Government Officials Look to End Early and Compassionate Release

Government Officials Look to End Early and Compassionate Release

The United States has the highest incarceration rate in the world. When they aren’t being forced to work under the only exception to the constitution’s prohibition against slavery, what do these more than two million people do? Frankly, a lot of nothing. But, through good behavior and participation in rehabilitative programming and activities, they do (or at least should) have the chance to earn time off their sentence. Then, when they face something like the COVID-19 pandemic or when their spouse dies and their children need them home to care for them, they can ask for a compassionate release, too. But recent reports show how hard some government officials are working to end early and compassionate release.

Lawmakers in Tennessee want to end incentivized rehabilitation completely.

One way that government officials are trying to end early and compassionate release is through so-called “truth in sentencing” bills. The idea behind truth-in-sentencing bills doesn’t sound bad at first blush. The goal is to give crime victims certainty when it comes to the prison sentences. If you’re convicted of assault and sentenced to two years in prison, the logic goes, your victim should know you’ll be in prison or two full years — no matter what.

As William Lamberth, a former district attorney in Tennessee, wrote for the Tennessean in support of the proposal, “[t]he realization that most criminals, on average, only serve about a third of the time they’re sentenced to can be devastating for victims and their families.” The truth-in-sentencing bills would fix that.

But, as Matthew Charles, a policy associate for FAMM, also explained for the Tennessean, “[a] better name for them might be ‘Anti-Rehabilitation Bills.’ ” This is because, first, truth-in-sentencing bills eliminate parole. And, if that wasn’t bad enough, they also completely get rid of incentives for incarcerated people to rehabilitate themselves.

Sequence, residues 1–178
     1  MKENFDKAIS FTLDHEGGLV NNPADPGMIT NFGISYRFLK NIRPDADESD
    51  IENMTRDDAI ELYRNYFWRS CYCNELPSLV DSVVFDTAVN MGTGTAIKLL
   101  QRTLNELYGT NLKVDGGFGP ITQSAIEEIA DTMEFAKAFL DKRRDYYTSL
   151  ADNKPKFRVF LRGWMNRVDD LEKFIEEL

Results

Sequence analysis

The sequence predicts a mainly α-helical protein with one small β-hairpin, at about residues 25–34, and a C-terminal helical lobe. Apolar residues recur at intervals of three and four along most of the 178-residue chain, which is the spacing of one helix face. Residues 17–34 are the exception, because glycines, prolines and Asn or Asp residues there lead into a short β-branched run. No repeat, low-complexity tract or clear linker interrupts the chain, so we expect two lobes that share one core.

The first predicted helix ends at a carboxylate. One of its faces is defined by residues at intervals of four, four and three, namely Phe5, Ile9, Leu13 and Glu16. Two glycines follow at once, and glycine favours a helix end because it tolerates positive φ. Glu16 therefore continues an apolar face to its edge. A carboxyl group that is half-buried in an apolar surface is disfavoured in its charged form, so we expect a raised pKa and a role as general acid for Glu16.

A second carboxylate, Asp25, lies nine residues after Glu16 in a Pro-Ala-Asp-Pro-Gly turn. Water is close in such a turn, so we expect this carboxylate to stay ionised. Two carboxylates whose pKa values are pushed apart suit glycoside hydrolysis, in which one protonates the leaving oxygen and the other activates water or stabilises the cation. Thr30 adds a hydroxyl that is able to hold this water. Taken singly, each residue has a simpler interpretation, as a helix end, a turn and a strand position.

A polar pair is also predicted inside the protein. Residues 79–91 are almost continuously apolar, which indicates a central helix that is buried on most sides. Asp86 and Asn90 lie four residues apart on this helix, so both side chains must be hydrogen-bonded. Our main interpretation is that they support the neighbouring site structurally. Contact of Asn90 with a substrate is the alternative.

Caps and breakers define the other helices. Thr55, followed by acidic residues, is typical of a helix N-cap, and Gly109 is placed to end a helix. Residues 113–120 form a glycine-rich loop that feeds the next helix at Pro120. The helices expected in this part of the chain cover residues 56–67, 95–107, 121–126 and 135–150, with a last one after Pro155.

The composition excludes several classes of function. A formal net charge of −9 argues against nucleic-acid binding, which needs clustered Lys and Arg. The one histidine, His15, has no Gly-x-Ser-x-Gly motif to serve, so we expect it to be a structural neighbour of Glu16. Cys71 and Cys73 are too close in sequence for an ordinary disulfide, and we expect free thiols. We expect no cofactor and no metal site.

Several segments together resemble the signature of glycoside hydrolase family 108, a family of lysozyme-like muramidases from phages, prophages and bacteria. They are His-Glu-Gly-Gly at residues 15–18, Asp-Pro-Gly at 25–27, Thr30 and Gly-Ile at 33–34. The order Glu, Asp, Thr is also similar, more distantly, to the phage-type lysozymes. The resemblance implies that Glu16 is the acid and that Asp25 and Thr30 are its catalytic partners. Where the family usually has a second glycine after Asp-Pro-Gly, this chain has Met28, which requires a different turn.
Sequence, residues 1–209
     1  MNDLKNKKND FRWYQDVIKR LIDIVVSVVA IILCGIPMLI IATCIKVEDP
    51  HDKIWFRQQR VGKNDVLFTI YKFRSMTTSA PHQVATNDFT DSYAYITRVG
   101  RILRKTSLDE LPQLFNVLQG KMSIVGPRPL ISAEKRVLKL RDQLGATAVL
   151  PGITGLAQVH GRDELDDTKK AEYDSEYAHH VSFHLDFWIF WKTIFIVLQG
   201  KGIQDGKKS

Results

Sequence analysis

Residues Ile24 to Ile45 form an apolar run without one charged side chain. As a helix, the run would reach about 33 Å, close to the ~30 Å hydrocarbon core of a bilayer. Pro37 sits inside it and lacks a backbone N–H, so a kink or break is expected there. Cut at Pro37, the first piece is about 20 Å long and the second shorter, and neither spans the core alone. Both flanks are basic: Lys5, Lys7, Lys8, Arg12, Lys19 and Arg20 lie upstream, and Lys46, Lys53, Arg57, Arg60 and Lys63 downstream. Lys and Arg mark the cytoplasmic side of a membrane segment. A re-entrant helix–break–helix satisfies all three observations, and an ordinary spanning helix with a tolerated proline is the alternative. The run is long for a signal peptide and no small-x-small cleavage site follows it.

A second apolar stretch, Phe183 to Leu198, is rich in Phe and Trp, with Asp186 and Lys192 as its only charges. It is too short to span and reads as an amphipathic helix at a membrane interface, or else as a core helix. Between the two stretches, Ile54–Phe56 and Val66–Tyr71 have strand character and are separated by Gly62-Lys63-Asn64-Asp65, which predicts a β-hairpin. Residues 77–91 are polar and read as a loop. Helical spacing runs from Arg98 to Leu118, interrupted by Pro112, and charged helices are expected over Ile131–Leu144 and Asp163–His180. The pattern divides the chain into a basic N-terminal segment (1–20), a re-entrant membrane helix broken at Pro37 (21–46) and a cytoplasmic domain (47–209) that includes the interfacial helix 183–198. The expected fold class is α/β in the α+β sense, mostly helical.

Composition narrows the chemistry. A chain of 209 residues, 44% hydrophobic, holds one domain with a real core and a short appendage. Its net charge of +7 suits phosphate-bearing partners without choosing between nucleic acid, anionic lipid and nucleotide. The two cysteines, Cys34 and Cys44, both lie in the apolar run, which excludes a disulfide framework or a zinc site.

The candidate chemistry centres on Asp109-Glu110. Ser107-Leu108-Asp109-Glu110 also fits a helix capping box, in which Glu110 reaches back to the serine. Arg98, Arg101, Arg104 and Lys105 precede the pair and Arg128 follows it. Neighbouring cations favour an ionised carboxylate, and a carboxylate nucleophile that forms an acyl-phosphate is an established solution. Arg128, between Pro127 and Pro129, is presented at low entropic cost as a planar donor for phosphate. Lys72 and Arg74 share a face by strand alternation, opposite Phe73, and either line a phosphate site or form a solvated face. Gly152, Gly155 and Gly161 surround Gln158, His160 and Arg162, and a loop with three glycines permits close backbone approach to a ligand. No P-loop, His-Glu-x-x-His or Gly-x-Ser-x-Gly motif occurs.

Or, as Charles puts it, “[t]hese bills are all stick and no carrot.” Officials will force you stay in prison for longer if you break the rules. But, if you follow the rules, you don’t get anything for it. And if you successfully complete programs and activities and prove that you present no risk of recidivism, the truth-in-sentencing bills don’t care. You’re staying in prison for your entire prison sentence no matter what.

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Prosecutors also want to stop prisoners from seeking compassionate release.

Prosecutors have also started using their power in plea negotiations to undermine compassionate release. In 49 states, D.C. and the federal system, prisoners can seek a compassionate release for extraordinary and compelling reasons. Most recently, the compassionate-release process has made headlines because of the COVID-19 pandemic. If you had preexisting conditions that made you especially vulnerable to COVID-19, you could ask for a compassionate release.

Similarly, imagine your health deteriorates because of age. Or imagine an emergency situation leaves family members dependent on your care. That’s when compassionate release is available. While the BOP has barely granted any compassionate releases since March 2020, the option has still been there. But an NPR report from earlier this week indicates that prosecutors are preventing compassionate releases before they get convictions.